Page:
Ms Pan used the equity from that first property, which allowed her to withdraw $90,000, to invest in two more properties that she also “wholesale discount purchased”; they were brand new, had “very high cash flow” and she “maximised the tax deductions” as well.
Negative cash flow would halt a burgeoning portfolio very quickly, and a perception that you had to sacrifice capital growth for cash flow was untrue, she said.
Positive cash flow allowed you to keep borrowing; since 2011-12 Ms Pan has had “a more active strategy” including renovations, subdivisions, small developments and now medium developments of up to 12 townhouses.
She owns houses, townhouses and apartments across New South Wales, Queensland and Victoria and has previously owned in Western Australia.
As for targeting specific areas, Ms Pan’s background after university was as an actuary working for big insurance companies and banks on economic forecasts and projections.
“My job was analysing lots of data, trying to understand patterns in the data and basing projections off that. I took the principal from that and applied it to property.”
Her model for targeting areas takes into account population growth and area demographics.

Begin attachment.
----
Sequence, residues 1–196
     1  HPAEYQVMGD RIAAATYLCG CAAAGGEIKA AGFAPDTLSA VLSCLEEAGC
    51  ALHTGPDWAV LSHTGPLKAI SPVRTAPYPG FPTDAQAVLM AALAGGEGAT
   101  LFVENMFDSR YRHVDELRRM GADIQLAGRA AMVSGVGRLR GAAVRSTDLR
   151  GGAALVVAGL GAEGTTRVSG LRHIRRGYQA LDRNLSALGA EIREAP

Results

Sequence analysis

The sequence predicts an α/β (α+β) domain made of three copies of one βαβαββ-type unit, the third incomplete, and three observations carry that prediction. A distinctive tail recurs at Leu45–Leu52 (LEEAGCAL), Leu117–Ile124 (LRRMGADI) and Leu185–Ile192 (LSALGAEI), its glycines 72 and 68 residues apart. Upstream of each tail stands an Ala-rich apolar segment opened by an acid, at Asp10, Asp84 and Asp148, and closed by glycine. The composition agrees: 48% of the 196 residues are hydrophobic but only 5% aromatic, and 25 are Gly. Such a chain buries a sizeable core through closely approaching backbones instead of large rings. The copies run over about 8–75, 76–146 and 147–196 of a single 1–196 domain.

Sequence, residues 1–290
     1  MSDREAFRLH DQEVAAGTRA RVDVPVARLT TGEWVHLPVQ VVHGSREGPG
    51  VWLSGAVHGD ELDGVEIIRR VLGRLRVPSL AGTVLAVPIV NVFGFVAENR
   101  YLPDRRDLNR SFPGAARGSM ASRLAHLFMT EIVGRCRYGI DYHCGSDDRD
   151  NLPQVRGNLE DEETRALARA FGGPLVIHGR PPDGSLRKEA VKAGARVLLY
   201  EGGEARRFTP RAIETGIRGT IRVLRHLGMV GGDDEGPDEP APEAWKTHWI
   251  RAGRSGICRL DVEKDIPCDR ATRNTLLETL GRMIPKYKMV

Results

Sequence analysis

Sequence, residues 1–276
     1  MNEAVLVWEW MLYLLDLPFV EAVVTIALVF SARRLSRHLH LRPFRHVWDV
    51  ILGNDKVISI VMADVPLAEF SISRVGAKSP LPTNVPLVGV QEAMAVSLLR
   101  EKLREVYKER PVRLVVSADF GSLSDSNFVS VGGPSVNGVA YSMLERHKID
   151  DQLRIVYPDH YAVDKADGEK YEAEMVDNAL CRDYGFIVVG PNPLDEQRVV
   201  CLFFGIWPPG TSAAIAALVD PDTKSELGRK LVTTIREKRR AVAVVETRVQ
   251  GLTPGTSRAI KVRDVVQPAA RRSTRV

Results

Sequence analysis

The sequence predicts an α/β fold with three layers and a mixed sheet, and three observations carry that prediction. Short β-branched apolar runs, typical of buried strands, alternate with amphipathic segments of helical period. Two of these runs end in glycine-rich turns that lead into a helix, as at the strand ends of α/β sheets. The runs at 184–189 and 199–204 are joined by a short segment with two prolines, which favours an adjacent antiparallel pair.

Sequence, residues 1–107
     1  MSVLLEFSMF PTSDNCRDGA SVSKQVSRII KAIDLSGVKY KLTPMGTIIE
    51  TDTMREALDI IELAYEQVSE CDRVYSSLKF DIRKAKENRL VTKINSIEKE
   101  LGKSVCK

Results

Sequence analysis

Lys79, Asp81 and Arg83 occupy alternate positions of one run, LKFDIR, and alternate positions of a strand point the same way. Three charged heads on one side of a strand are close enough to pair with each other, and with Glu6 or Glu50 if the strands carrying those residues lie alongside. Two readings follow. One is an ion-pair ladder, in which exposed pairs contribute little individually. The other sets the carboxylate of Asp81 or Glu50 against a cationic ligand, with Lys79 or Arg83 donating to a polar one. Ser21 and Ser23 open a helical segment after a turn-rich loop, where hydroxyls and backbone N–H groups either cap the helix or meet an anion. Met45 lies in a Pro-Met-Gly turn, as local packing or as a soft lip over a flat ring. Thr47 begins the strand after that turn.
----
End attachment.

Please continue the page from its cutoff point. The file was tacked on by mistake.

She advised investors to stay away from high-rise, high-density apartments but said other types of apartments such as boutique low rises in other areas could be good buys.
But she didn’t gain her approach just from her own work life and university studies; after finishing uni she forked out about $10,000 to get an education in property investing — she said wannabe investors should “definitely” get themselves a coach or mentor.
“It seems like a shitload of money when you’ve worked so hard to save up that money, but in my first property transaction I made $100,000 in just 12 months.
“There’s no way I would have been exposed to those kinds of opportunities if I didn’t pay for that education.”
Any mentor should have a demonstrated track record for themselves and the people they have helped, had success with the method they’re telling you to use, and “a really in-depth level of research to back up the strategy they are recommending”.
People should also have a clear financial goal. Not having a very specific one was like “going shopping without a shopping list, you’re constantly distracted and go off track”.
Ms Pan said while lending criteria was “a little more relaxed” when she started, interest rates were now much lower and “you can’t get the best of both worlds”.
Her mum and dad now do a lot of travelling, with her mum enjoying traditional dance, doing that in different places around the world and has been invited to perform at festivals.
“I am an only child because of the one child policy, so they bestowed all their hopes and dreams on me just like every other Asian child I guess.
“All the sacrifices they made, I really wanted to provide them a really comfortable retirement, not when I’m 50-60, but when they are 50-60, I wanted them to be comfortable, retire and not worry about money. That was my biggest motivation. This was the way I could see I could repay them, so that was a big driver for me . so it’s been very rewarding to do that.”